Purpose: The purpose of this study was to determine whether COVID-19 impact and Diabetes Self-Management Education and Support (DSMES) service attendance predicted diabetes distress among individuals with type 2 diabetes during the pandemic. Methods: Eighty-six adults with type 2 diabetes who either attended (n = 29) or did not previously attend (n = 57) DSMES services completed a cross-sectional survey. Participants’ mean age was 57 ± 12.3 years, 50% were female, and 71.3% were diagnosed with diabetes >5 years. The Coronavirus Impact Scale was used to measure impact of the pandemic on daily life. The Diabetes Distress Scale was used to measure distress overall and within 4 subscales (emotional burden, interpersonal distress, physician-related distress, regimen distress). Separate multiple linear regressions were conducted for each outcome, controlling for age, sex, marital status, financial status, and time since diabetes diagnosis. Results: Higher COVID-19 impact predicted higher diabetes-related distress for all subscales and overall. Only the subscale for interpersonal distress was predicted by DSMES attendance, which decreased with DSMES attendance. Conclusion: This study identifies a link between the effects of the COVID-19 pandemic and diabetes distress. The findings highlight the negative impact of the pandemic on diabetes distress and the importance of DSMES services for diabetes-related distress. Interventions are needed to reduce psychological distress among this population during public health crises.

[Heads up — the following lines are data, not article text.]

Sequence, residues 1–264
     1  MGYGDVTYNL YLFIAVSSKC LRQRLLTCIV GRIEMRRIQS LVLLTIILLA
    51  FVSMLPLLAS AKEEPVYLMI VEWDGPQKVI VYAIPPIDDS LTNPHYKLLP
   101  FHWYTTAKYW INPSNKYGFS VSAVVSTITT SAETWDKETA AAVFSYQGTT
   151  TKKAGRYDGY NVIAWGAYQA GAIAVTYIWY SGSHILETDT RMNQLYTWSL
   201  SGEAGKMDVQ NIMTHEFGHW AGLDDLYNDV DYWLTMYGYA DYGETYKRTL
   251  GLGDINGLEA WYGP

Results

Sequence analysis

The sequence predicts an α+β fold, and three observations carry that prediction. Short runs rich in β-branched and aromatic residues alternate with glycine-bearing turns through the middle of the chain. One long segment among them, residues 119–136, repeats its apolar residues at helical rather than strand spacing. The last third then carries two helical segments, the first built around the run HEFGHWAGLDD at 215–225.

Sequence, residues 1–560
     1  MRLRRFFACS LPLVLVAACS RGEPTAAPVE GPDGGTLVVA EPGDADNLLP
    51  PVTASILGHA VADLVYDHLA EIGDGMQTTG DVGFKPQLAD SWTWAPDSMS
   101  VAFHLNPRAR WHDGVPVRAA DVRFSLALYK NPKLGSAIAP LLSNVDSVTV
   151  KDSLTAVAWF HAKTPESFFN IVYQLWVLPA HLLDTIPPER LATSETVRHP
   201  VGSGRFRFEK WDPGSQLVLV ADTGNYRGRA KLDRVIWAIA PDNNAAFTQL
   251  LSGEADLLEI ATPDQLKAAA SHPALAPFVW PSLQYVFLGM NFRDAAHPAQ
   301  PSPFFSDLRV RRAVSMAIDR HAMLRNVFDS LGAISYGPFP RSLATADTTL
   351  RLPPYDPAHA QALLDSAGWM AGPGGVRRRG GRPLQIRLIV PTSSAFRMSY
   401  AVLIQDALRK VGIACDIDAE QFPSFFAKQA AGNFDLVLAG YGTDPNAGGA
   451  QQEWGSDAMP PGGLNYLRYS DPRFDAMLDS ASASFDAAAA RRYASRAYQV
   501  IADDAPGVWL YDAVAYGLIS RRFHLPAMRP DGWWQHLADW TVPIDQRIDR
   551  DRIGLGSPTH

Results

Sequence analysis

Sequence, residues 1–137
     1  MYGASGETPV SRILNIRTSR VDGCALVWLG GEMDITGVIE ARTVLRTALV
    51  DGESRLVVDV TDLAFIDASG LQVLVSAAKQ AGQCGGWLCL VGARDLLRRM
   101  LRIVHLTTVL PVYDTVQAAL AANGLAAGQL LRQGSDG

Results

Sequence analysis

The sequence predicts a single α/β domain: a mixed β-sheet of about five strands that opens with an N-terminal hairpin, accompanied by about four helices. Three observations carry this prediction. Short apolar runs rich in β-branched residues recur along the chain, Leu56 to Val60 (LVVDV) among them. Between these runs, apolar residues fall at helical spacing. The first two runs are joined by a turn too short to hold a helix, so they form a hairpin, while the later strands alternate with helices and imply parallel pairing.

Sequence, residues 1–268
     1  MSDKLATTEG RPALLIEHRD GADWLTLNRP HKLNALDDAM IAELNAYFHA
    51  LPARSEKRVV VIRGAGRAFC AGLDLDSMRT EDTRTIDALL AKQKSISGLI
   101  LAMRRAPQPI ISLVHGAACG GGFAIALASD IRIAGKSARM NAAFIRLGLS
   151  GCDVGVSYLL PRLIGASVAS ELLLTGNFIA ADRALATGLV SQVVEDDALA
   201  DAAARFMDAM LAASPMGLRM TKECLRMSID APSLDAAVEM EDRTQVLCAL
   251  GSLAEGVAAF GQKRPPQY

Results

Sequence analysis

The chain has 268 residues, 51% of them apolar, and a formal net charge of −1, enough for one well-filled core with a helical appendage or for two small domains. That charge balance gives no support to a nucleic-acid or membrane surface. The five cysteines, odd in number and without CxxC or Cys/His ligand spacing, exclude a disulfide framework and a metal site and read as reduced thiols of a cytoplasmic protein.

Original languageEnglish
Pages (from-to)392-400
Number of pages9
JournalScience of Diabetes Self-Management and Care
Issue number5
StatePublished - Oct 2023

Bibliographical note

Publisher Copyright:
© The Author(s) 2023.

ASJC Scopus subject areas

  • Endocrinology, Diabetes and Metabolism
  • Health(social science)
  • Health Professions (miscellaneous)


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